UK TV review: 24: Legacy Episode 4 and 5 (3pm to 5pm)
Ivan Radford | On 22, Mar 2017
Warning: This contains spoilers for Episode 3. Catch up with our spoiler-free review of Episode 1 here.
“I’m losing my mind here!” cries Isaac in 24: Legacy. And after five episodes of the show’s new incarnation, we know the feeling. There are only so many daft moments, silly speeches and questionable characters that you can tolerate before your brain snaps – but every time your head’s about to melt, 24: Legacy just manages to pull it back from the brink.
The show’s biggest problem is Ben Grimes, aka. the idiot who has led to most of this chaos happening. But the problem is less his own irrational actions and more the fact that everyone else keeps going along with them. Carter believes him, when he says that he wants to make things right – and that he recognised the bullets used by Jadalla’s men as coming from one place: an arms dealer called Gabriel. And that giving Gabriel some military schematics will convince him to co-operate.
CTU head Mullins, who in any other show would come across as sensible, says no, because who the hell would trust Grimes? But Carter insists that Ben is sincere, which leads to Ingram helping him by getting Shalowitz to steal the military plans. There are some deft bits of writing going on here, as the show takes care to justify each little action. Carter looks in Ben’s eyes to judge his honesty, while Shalowitz complains to his colleague that he’s about to get fired, so he doesn’t mind breaking the rules anyway. But every now and then, the cumulative stupidity knocks down the tiny pieces of plausibility.
“I didn’t want the terrorists to get the list,” says Ben in a heated argument with Carter. “There was an easy to stop that,” retorts Eric. “Don’t steal it from me in the first place!”
Mullins, meanwhile, stops dead in his tracks and calls out his newfound colleague for their completely inappropriate behaviour. “Carter, you’re a desert ranger, not a CTU agent!” he snaps.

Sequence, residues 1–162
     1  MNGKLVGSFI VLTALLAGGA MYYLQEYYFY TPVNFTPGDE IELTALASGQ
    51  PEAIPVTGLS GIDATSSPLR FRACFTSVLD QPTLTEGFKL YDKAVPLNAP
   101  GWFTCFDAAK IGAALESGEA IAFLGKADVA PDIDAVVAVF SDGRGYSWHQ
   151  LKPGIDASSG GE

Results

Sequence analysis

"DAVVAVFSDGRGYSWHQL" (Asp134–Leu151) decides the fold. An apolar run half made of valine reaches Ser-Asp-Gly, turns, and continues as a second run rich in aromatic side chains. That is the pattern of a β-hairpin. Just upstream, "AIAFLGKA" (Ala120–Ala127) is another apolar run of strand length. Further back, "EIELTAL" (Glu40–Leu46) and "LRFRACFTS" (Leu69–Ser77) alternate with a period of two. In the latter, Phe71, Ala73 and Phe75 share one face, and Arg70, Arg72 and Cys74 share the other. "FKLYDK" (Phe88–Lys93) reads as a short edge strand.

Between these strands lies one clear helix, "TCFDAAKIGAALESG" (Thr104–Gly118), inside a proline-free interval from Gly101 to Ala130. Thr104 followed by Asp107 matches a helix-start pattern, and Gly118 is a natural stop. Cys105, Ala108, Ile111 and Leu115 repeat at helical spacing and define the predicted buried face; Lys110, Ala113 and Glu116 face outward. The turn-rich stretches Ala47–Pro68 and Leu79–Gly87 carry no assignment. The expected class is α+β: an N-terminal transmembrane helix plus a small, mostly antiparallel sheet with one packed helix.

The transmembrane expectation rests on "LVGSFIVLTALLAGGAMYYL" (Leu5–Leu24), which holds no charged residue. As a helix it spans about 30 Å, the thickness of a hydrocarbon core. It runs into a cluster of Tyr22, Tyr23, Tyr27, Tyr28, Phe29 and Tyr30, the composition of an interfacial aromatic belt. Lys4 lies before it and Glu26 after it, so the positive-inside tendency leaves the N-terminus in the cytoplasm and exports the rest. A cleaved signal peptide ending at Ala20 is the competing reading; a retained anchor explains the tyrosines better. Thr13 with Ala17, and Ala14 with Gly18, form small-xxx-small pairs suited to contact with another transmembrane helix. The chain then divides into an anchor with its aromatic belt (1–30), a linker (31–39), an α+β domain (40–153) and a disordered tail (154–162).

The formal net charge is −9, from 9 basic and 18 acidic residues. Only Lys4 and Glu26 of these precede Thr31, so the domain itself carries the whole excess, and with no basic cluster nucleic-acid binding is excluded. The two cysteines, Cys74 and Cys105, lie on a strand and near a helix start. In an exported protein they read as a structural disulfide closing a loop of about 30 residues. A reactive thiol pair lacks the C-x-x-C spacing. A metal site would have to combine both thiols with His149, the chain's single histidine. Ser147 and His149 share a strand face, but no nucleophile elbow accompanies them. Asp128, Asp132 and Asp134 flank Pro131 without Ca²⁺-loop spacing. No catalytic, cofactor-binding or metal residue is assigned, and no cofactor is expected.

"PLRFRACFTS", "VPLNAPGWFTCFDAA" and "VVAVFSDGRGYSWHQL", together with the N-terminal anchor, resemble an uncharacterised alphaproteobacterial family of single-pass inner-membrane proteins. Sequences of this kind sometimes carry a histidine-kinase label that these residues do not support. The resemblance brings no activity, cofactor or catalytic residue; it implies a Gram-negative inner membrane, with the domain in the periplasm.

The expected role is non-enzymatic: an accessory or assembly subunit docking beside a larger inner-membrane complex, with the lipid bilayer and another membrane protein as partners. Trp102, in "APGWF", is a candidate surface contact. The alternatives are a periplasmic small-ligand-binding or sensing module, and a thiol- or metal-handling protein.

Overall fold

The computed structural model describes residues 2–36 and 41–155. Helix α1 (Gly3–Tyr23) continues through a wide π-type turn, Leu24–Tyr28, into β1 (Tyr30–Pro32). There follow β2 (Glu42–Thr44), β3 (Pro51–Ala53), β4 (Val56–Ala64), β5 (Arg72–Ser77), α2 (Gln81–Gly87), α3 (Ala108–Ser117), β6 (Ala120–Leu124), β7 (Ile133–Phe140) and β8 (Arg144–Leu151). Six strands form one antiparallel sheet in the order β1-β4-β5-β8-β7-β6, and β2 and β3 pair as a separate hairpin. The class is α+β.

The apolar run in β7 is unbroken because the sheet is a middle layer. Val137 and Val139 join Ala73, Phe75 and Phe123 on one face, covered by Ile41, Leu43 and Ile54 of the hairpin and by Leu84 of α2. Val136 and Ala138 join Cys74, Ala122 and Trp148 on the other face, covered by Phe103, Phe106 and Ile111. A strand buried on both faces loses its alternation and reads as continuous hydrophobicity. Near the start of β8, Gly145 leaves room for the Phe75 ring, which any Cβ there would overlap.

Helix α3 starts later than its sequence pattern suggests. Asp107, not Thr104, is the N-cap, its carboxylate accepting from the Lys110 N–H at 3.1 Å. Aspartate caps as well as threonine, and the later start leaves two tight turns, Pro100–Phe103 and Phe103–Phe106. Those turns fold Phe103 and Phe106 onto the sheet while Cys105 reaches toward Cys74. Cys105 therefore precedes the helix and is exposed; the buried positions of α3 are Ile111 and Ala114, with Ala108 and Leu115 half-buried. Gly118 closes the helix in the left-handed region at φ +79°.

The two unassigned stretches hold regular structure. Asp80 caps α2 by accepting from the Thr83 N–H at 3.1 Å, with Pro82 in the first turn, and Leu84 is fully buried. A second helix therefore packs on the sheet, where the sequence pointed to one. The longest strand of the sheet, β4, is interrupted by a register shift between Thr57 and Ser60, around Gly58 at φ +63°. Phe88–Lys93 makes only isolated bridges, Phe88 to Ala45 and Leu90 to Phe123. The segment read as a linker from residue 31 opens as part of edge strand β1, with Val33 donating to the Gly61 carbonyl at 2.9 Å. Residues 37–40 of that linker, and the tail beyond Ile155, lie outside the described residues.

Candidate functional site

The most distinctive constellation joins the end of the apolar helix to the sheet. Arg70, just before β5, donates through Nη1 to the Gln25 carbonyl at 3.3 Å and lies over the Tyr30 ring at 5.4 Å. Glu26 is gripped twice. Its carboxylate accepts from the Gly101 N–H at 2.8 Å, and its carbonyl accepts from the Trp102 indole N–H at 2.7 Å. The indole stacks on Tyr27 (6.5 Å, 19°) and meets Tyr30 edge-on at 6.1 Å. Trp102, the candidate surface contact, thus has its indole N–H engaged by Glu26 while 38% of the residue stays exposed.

There’s no getting around it: these are terrible bits of dialogue, not because people wouldn’t say that in real life, but because they wouldn’t said it hours ago. For the characters to suddenly stop for an outburst of logic, then, is never less than jarring. Sure enough, the moment Mullins’ rant is over, the whole of CTU still goes along with Ben and Carter anyway.
That’s one of 24’s classic tactics: keep things moving so quickly that you can’t get bored, but also can’t think too much.
And so the political strand of our narrative races along, as Henry’s footage of Mizrani is almost immediately discovered as faked – that evil plan lasted all of one episode, one of the least effective villainous ploys the show’s ever seen. John turns on his dad, who says that Jadalla forced him to leak the information, because if not, he’d make a deal between Henry’s company and ISIS public.
Henry says he doesn’t want that, because it’d ruin John’s campaign – but if he were that concerned about his son’s career, he wouldn’t have done that deal in the first place. A president going into office knowing they’ve got some dirt from an evil foreign power hanging over them as leverage? Yeah, that’d never happen. There’s more to Henry still to uncover, though, and so CTU bring him in for questioning, setting Mizrani free. You can say this for the fictional intelligence service: they sure don’t hang about when it comes to arresting people.